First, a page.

The morning had been quiet but a cold front was forecast to move through this afternoon. At 2 PM a stiff breeze began to blow, by 3 PM it was very strong and very steady. With its encouragement the fire began to rise. It burned faster now, heading down into Zaunmiller Creek to the south and toward the Trout Creek drainage to the north. It was now moving quickly toward us. I kept praying to the wind gods to stop the blowing but they were not moved. The wind became a relentless, persistent Demon.

CampbellFire19As night fell the Demon wind shifted direction 180 degrees but kept its intensity.   The slope on the south side of Zaunmiller Creek that had been obliterated in 2006 was now, shockingly, a wall of fire. Looking at it during the day you would scarcely think there would be anything to burn. Doug had walked over there last year, reporting that there were young trees everywhere, some as high as his head…not anymore, there aren’t. We were sitting under the walnut tree again, watching the conflagration when Monica (In command of the Hell’s Canyon Wild Land Fire Use Module) came up to say that the fire hadn’t crossed the ditch…which was difficult to believe (it turned out she was right). Minutes later, as if the Demon had curled his lip and snarled, “Oh Yeah?” the wind velocity nearly doubled and the fire intensity increased again.CampbellFire22

Day 3:

There was more smoke this morning. During the night the fire spread rapidly to the north and south along the river corridor. The firefighters spent the day preparing to do a back burn through the woods on either side of our airstrip after wetting everything down around the perimeter of the property.

Eight additional firefighters were sent in to secure the Jim Moore Place across the river. They are also camping at the Ferry bringing our number up to 21. The new group will also be helping with our back burn.

CampbellFire29In the late afternoon, about the time the firefighters started the back burn, a pack string crossed through the Ferry, riding up toward the Crowe cabin instead of staying on the trail, which would have brought them in front of where we were sitting watching the fire. Doug hollered to them but they did not respond and got back on the trail above the barn just minutes before the fire overtook it.

CampbellFire35Fire always looks so much more dramatic at night, terrifyingly beautiful. Tonight there were hundreds of places where flames were burning on three sides of us. They flickered through the trees at various heights. In my mind the flames became the torches of a legion of druids and gnomes approaching the Ferry through the woods. I loved the image and sat with it for a long time, imagining from time to time that I glimpsed an exotic face lit by the glow of a torch.

CampbellFire36The hill to the south that had burned so hotly last night was now dotted with thousands of small spots of fire. It reminded me of the year I lived in Hong Kong, coming home late after a concert and looking up at all the lights from the apartments and homes, Mid Levels to Victoria Peak. You could have sworn that Campbell’s Ferry had high-rise neighbors all across that hill.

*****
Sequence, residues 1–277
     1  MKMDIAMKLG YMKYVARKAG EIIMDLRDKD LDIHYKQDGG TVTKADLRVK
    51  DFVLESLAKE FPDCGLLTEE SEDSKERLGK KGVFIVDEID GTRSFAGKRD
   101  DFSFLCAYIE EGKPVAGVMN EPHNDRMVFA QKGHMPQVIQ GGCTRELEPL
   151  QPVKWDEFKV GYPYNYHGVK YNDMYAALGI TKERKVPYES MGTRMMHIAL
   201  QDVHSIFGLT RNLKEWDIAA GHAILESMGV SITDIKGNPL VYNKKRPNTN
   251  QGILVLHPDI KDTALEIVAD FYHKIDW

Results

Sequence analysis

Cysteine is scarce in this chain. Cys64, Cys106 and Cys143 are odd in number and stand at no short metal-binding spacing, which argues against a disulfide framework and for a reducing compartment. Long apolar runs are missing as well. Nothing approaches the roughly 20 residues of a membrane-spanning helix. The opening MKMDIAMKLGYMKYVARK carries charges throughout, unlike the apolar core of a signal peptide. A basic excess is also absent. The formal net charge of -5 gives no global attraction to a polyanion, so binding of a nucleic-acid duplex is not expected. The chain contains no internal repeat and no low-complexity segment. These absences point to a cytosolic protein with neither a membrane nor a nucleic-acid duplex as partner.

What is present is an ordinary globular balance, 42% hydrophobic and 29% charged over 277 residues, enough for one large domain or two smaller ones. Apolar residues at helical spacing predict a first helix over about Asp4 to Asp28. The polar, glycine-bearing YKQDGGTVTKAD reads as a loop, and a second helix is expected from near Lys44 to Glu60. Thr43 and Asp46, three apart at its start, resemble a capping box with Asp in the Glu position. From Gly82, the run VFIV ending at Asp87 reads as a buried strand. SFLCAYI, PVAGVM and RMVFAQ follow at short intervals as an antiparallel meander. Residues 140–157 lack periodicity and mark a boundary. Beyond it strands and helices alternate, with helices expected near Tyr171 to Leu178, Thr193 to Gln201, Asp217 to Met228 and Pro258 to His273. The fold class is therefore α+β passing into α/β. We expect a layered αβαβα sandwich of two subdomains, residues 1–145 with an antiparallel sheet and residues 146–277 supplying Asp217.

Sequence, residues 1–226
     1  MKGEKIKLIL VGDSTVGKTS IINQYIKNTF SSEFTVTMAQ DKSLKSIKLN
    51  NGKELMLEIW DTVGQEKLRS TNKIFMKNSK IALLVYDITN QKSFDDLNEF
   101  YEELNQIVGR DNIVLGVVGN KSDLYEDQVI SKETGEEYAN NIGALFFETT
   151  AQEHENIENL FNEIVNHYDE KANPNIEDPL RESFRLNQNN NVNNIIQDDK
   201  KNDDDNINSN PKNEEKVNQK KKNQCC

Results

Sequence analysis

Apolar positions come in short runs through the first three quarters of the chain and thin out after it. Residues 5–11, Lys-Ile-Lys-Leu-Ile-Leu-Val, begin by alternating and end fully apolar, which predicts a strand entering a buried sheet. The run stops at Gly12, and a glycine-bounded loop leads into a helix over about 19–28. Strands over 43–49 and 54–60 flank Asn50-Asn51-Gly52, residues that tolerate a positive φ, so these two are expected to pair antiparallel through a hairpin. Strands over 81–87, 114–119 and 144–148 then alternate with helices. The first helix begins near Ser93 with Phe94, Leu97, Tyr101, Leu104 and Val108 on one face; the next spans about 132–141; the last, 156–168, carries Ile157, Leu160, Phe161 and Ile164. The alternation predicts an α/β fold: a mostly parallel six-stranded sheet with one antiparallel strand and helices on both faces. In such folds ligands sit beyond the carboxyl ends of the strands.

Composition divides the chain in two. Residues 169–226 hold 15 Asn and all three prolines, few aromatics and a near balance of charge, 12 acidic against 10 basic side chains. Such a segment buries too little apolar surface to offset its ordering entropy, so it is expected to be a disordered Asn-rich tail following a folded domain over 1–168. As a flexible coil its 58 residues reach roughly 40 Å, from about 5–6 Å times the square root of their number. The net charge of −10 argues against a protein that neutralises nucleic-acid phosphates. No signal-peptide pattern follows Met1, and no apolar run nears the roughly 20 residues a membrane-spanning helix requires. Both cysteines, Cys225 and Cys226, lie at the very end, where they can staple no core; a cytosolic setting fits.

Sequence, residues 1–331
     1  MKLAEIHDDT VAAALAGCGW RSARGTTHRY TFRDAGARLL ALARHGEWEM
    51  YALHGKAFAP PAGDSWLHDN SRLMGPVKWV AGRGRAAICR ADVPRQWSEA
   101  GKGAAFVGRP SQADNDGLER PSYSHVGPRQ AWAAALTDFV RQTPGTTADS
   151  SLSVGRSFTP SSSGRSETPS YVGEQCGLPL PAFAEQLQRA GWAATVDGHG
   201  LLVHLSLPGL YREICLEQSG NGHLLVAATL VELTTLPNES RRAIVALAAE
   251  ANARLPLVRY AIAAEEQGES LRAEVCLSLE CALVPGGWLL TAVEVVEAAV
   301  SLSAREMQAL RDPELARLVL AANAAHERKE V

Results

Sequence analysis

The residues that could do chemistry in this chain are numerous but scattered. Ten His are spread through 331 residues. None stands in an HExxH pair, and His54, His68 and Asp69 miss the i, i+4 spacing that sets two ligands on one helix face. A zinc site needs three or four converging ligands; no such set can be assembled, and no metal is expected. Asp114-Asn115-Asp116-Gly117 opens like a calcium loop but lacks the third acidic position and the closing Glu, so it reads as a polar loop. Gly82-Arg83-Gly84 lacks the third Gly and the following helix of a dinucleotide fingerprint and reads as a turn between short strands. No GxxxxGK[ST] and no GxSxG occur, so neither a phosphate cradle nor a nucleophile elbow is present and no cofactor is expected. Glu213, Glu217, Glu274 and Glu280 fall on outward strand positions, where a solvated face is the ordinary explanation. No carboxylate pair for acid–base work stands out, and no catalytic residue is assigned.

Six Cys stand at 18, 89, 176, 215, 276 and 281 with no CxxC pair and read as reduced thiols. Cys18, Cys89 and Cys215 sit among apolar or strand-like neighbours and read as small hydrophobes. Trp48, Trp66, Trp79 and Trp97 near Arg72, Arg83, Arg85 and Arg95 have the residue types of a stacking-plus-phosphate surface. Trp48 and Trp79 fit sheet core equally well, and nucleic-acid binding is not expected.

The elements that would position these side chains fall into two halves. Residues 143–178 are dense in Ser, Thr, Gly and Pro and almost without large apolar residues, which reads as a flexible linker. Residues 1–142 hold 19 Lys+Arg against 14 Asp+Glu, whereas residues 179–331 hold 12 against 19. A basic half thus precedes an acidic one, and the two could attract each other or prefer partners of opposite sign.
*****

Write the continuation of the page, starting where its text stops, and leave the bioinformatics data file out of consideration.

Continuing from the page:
The back burn went perfectly, burning on through the night with firefighters keeping watch. We could see it glowing through the forest from the bedroom window at the Cook cabin. CampbellFire41

Day 4:

The new firefighter group spent the day at Jim Moore, laying out hoses, setting up pumps, digging firebreaks and wrapping the buildings in a protective foil layer in case the fire jumps the river.

Today was the day we were scheduled to move back into the Crowe cabin after six and a half weeks of living in the historic Cook cabin. I started packing up things for the move but proceeded slowly, being unsure if the remodel would be finished today after all. Doug had gone up to check and came back to say that we would be sleeping in the Crowe cabin tonight. I began to pack more seriously.

The construction crew’s normal easy-going nature had changed to a worried, tense state. A terrible fire is raging through Kamiah, a small community close to their homes in Kooskia. As of today 36 homes and 67 structures have burned. Hundreds of people have been evacuated. Some friends have moved in with the families of our construction crew. You can see the news is taking an emotional toll.

A jet boat arrived bringing even more firefighters. Doug asked Heinz, the jet boat driver, if he would stay and visit for an hour while our construction crew finished up, then give them a ride up river to their vehicle so they would not have to walk four miles of trail carrying their gear. Heinz agreed. Because of the rush the crew did not really have time to clean the construction site thoroughly. It was a bit disappointing to have the place left in a mess but they were concerned about getting home and Heinz was now waiting. We said a quick goodbye and they were gone.

Back down at the Cook cabin I opened the cupboards and set things that should be moved out onto the counters and the top of the woodstove. The very heavy cast iron grilling skillet was sitting on the woodstove when I set a box of dishes on top of it because there was no more open space. Sometime later I went to move the box out to the tractor. The edge of the box caught on the skillet and as I moved the box the skillet slid off the stove and landed on my right foot. The pain was excruciating. Setting the box down I limped into the other room to sit on the bed and take off my boot. A hematoma the size of Chicago was growing on top of my foot. We had already moved the refrigerator up to the Crowe cabin so there was no ice. Doug helped me to the little ditch where I sat with my foot in the cool water for about 15 minutes; then he helped me to the tractor and took me up to the Crowe cabin. Firefighters were assisting in moving the appliances and the bed. Once the bed was in place I lay down on it with ice on my foot. It wasn’t looking any better.